So here is the punchline to the story: I couldn't then, and can't now, be bothered to care that she thought my joke was offensive. I only really care about other people's feelings (and then only just) in the context of a relationship. Romance. Marriage. Friendship. The common civility due a stray dog. Something. But if we don't have a relationship, then it is not clear why I am supposed to care about your opinion.

It seems to surprise women and offend their sense of justice when their power over a man's behavior is diminished when they treat him this way. I say that this is not an injustice, nor should it be surprising. And if such women choose to interpret this diminishing of their power as "punishment," I can't really care about that, either.

But again, I've never been to law school . . . .

Update: Dizzy writes:

Where did you get "Dizzy accuses MEN..." from that? I said that a guy who can't handle rejection, who thinks it gives him the right to "punish" the rejecter, is showing some serious personality flaws. I think it's pretty obvious I wasn't making a general statement about all men. I am making a specific statement about a specific problem behavior.

My apologies for the mistake.

Link Love

Trumwill and Bobvis reflect on negative socialization and the homeschooling alternative.

The great Razib considers triumphalism, both religious and secular, and Reihan comments.

Thursday, June 14, 2007

Random Reflections on Class

I was traveling back from my house hunting trip, after having spent a morning at the St. Louis Arch, and a logical stopping point turned out to be the middle of nowhere. It was, in fact, the capital of nowhere, so there was a sizeable (tens of thousands) town, where my Mom's cousins lived.

Here is the backstory: twin sisters, each of whom attended college, and married college educated men. One of these was my maternal grandmother. These twin sisters had a brother, who did NOT attend college, and whose sons did not attend college. These sons are my Mom's cousins, and I and my family spent the night at their house there in the capital of nowhere.

Now in my Mom's family narrative, the college thing is a significant class marker between her mom's side of the family and her uncle's side, unto the nth generation. There are exceptions here: I have a second cousin that went to college and is now a school teacher, and a second cousin once-removed who is presently attending college. But in my Mom's narrative, the class division is still alive, and this branch of the family is low-class.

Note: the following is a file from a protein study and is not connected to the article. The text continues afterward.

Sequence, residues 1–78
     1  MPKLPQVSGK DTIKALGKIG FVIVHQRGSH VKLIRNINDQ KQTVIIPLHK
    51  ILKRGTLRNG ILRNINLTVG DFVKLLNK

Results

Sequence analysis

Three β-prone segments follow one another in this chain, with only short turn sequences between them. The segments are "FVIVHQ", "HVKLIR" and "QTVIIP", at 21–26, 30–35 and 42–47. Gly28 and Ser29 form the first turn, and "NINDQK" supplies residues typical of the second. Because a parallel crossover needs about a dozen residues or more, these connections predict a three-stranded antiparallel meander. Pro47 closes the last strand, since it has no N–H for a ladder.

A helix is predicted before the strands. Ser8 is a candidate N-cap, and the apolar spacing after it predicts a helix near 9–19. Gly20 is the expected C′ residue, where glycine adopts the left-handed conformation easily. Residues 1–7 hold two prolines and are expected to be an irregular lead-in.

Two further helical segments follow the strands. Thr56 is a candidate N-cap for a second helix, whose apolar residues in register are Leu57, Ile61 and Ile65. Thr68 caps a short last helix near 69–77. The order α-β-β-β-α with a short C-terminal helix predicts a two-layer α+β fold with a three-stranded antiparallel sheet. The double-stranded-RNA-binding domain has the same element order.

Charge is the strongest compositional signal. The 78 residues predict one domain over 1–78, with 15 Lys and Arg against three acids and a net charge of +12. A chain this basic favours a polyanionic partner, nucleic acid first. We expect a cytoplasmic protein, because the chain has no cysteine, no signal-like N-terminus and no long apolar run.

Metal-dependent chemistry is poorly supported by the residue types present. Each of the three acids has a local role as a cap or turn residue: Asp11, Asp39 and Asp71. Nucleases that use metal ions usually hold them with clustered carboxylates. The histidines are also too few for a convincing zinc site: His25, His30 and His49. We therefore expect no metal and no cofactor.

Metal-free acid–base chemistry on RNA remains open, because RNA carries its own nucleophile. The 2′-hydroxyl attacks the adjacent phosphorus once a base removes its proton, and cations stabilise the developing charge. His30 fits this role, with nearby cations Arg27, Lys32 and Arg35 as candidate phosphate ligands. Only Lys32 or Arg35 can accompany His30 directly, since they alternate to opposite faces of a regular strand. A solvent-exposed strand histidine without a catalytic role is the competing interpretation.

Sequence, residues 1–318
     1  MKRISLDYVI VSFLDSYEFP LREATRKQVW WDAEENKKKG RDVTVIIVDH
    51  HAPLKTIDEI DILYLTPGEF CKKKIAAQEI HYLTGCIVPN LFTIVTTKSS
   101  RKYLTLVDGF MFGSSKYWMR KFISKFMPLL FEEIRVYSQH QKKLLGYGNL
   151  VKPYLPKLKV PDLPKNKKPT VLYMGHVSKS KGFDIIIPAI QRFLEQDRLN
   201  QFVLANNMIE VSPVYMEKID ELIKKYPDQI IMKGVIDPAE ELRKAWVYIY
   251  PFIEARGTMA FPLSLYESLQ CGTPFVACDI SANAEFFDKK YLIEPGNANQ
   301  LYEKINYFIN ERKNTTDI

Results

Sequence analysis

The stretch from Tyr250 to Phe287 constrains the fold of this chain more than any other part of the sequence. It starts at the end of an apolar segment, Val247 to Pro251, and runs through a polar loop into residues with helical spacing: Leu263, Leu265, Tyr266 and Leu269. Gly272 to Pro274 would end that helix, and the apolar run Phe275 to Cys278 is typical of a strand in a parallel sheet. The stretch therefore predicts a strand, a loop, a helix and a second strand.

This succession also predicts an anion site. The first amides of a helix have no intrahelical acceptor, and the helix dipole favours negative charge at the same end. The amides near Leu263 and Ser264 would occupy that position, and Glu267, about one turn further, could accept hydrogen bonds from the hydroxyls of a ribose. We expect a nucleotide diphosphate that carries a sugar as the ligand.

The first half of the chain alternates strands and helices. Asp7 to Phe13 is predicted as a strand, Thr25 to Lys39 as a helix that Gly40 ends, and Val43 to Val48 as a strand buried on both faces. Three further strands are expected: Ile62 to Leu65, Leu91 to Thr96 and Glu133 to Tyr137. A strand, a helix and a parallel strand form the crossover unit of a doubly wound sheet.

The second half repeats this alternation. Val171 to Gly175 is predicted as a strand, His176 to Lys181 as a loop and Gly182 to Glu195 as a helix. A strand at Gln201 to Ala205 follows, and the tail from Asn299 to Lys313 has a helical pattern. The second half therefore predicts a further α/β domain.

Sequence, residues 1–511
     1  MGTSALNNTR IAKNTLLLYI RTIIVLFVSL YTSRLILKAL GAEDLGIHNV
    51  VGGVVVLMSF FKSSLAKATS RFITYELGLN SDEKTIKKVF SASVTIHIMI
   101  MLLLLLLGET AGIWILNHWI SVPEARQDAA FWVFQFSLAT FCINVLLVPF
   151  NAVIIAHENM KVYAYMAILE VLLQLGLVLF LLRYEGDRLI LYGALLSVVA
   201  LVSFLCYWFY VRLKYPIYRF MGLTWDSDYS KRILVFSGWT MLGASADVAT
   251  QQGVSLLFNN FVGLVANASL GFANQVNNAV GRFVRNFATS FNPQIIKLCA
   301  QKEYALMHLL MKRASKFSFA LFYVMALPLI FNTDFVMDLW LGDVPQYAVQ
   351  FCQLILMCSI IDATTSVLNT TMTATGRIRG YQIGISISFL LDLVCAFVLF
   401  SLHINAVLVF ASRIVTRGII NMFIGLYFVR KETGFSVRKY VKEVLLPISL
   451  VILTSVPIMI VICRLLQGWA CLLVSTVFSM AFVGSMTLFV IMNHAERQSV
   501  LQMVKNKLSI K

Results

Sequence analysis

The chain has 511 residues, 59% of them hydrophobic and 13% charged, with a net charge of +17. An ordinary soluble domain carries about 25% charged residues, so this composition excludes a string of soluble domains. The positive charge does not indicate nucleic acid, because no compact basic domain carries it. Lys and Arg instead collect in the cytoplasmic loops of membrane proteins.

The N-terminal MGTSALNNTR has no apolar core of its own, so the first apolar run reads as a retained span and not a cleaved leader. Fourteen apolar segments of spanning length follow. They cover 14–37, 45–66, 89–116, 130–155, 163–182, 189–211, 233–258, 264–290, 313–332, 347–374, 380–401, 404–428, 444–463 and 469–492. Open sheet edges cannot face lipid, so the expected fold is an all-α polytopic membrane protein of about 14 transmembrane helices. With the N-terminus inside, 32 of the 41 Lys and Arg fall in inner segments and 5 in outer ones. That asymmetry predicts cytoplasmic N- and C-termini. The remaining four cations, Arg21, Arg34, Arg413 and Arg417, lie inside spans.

So it was interesting to get an idea how this was perceived by the other side.

Uncle Bob (let's call him) and his wife live in a well-kept rancher on a street lined with well-kept ranchers. (Nota bene: Nowheresville is remarkably egalitarian.) We arrived just in time for dinner, so I took them out. I had the impression that Uncle Bob and Aunt Betty (let's call her) are Country Buffet type people, so I thought it would be a treat for them to go to a place like Chilis, which is not a particularly fancy restaurant, but a cut above Country Buffet. I ordered a steak, which I might not have gotten had it just been me, but I wanted my guests to feel like they could order whatever they wanted. As it happened, they ordered country-fried steak, which they could have gotten at Country Buffet. Oh well.

Now I don't really think of myself as snobbish in the way I treat people. I do my best to approach them where they are, not with condescension, and I try not to flaunt my credentials as if they meant something. But deep down, I suppose I do think that teaching college, having two engineering degrees and working on a third, does really say something positive about me.

But those credentials don't go very far in Nowheresville. After we went back to their house, they told me about my second cousin. He laid carpet. He was, in fact, a very successful carpet layer. He had laid the carpet in their basement in x amount of time. He made good money laying carpet.

Uncle Bob took me out to see his racecar. My cousin was a drag racer, and he kept his car in Uncle Bob's detached garage. It was custom made; Uncle Bob and his son did almost all the work themselves. It had a specialty-built engine, and all kinds of modifications. He showed my photographs on the wall and newspaper clippings from the races he'd been in.